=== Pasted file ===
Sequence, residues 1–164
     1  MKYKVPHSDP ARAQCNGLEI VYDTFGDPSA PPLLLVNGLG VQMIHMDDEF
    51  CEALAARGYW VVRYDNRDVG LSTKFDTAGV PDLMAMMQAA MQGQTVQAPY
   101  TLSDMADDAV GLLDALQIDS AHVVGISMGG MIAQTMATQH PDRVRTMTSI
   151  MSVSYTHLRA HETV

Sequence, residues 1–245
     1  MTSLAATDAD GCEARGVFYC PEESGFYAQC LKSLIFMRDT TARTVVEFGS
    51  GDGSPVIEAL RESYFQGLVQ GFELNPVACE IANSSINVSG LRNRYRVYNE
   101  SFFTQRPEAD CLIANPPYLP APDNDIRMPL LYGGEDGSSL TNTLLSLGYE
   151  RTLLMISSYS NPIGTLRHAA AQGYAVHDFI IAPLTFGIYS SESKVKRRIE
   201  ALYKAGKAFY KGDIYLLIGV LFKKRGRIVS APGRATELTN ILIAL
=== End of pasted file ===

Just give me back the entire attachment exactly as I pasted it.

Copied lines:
Sequence, residues 1–164
     1  MKYKVPHSDP ARAQCNGLEI VYDTFGDPSA PPLLLVNGLG VQMIHMDDEF
    51  CEALAARGYW VVRYDNRDVG LSTKFDTAGV PDLMAMMQAA MQGQTVQAPY
   101  TLSDMADDAV GLLDALQIDS AHVVGISMGG MIAQTMATQH PDRVRTMTSI
   151  MSVSYTHLRA HETV

Sequence, residues 1–245
     1  MTSLAATDAD GCEARGVFYC PEESGFYAQC LKSLIFMRDT TARTVVEFGS
    51  GDGSPVIEAL RESYFQGLVQ GFELNPVACE IANSSINVSG LRNRYRVYNE
   101  SFFTQRPEAD CLIANPPYLP APDNDIRMPL LYGGEDGSSL TNTLLSLGYE
   151  RTLLMISSYS NPIGTLRHAA AQGYAVHDFI IAPLTFGIYS SESKVKRRIE
   201  ALYKAGKAFY KGDIYLLIGV LFKKRGRIVS APGRATELTN ILIAL